Ms Waters also directed him to answer yes or no as to whether Robinhood had a liquidity problem. An attempt to provide a longer answer was shut down.
However, later in the hearing when pressed if the company had the liquidity it required on the morning of 28 January to cover $3bn in trading positions, Mr Tenev said that the security team had to work with clearinghouses to meet the collateral requirements.
Representative Anthony Gonzalez of Ohio said that the company was “unprepared to protect his constituents and customers from non-consensual liquidation”, was “unprepared to sort out the $3bn deposit requirement” and “barely avoided disaster”. Pushed further, Mr Tenev said the funds had come from venture capitalists he had relied on previously.
On the role of social media in the events surrounding GameStop, Mr Plotkin of Melvin Capital spoke about how Reddit users began to look specifically at the firm’s investments and short positions — the firm held a short position in GameStop from 2014 onwards.
When users organised to trade in the other direction, Mr Plotkin says he was abused online and became the target of antisemitic slurs and hate speech, including profane and racists text messages and a call for a second holocaust.
Reddit co-founder Mr Huffman said they could not find the comments referred to and that such speech is not tolerated on the platform.
In a wider discussion on the role of social media in finance, Mr Huffman was asked how Reddit knows if its users are real people. He said that users “should be masters of their own identity” and subreddit communities such as WallStreetBets wouldn’t work if people were forced to use their real full identities.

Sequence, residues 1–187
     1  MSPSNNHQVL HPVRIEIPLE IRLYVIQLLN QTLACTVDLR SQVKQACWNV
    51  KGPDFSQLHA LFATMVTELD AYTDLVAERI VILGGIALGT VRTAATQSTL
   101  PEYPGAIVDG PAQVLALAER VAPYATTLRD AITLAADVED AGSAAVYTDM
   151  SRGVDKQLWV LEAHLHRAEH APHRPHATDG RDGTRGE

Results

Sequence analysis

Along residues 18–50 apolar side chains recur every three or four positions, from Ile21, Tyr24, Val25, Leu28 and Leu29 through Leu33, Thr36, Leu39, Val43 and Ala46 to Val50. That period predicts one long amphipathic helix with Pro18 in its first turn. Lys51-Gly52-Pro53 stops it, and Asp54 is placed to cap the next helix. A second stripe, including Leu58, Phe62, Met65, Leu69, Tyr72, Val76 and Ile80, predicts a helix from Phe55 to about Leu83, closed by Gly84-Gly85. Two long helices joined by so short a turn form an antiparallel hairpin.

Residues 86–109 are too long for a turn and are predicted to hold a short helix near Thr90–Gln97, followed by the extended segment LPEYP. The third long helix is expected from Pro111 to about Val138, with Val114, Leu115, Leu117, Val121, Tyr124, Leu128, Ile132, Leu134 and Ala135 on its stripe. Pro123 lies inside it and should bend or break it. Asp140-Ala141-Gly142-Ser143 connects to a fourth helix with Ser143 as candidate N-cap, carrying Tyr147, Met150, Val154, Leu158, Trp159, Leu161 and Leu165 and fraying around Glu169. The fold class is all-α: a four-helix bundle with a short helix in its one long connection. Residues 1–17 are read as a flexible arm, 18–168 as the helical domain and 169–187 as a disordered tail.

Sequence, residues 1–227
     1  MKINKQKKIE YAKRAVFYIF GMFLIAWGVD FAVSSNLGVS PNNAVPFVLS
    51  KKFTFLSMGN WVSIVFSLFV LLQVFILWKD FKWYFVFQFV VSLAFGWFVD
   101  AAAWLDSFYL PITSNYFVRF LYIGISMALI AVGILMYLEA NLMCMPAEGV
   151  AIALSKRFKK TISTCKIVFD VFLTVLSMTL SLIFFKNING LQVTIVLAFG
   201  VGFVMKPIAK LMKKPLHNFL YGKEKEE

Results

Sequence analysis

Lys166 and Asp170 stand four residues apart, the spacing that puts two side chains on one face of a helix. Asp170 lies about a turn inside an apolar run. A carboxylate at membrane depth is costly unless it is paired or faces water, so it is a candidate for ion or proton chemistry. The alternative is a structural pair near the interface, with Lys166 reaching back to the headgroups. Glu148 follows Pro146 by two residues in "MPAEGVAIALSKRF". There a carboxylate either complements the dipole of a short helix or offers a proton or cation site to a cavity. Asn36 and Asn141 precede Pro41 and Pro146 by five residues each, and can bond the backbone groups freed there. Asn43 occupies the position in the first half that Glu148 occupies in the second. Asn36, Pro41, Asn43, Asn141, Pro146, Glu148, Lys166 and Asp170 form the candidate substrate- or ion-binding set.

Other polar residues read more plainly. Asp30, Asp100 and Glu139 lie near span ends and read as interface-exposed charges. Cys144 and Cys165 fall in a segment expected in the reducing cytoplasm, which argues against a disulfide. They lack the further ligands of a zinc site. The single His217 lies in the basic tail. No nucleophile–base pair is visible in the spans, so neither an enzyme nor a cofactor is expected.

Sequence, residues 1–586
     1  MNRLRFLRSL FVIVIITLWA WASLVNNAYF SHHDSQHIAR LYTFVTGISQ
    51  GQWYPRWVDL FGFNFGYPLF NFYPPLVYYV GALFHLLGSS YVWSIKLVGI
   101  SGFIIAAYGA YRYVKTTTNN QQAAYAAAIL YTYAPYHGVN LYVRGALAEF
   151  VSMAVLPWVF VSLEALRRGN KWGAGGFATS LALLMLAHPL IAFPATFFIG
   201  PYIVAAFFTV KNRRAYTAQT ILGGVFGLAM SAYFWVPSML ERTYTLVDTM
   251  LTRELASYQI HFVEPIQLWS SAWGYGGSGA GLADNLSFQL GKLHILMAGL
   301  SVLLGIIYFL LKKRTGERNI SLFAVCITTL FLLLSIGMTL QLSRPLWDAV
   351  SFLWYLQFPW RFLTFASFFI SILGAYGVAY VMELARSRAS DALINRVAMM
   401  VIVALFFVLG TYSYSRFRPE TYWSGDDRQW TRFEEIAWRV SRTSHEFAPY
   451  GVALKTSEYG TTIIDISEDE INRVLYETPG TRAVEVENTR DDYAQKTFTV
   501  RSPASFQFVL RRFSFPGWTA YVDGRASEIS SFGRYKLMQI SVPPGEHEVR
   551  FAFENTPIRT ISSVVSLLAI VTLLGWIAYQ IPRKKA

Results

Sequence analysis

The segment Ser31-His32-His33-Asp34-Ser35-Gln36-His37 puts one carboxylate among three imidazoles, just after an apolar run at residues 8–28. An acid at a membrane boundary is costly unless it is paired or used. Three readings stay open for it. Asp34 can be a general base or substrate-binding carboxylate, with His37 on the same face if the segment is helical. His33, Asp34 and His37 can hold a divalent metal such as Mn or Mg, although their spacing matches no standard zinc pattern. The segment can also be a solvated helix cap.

He added that WallStreetBets is “an eccentric community, but they’re well within the bounds of our content policy.”
At another point, he said there was no evidence of bots or foreign actors found in the group that may have influenced the actions of other users.
Mr Plotkin conceded that going forward there would be much closer monitoring of message boards and social media by Wall Street firms and that his firm had a data science team looking at the issue.
Both Mr Plotkin and Citadel’s Mr Griffin said they had no role in Robinhood’s decision to limit trading in GameStop.
Mr Griffin said he had first heard about it when the news was made public and said the events demonstrated there was an opportunity to improve how markets function and trades are settled.
Similarly, Mr Plotkin said that Melvin Capital had already closed out its position in GameStop days before Robinhood imposed the limits.
The pair also denied any bailout of Melvin Capital by Citadel as had been implied in reports, stating that Citadel saw the opportunity to buy into the fund as an investor and earn returns when the firm recovers.
Both Mr Gill and Mr Huffman defended the role of social media in opening up a world of investment discussion to a new audience with Mr Huffman saying that the events in January had raised: “important issues about fairness and opportunity in our financial system”.
Mr Gill went further sayings that while Wall Street firms have teams of analysts working on strategies, social media platforms can level the playing field for individual investors.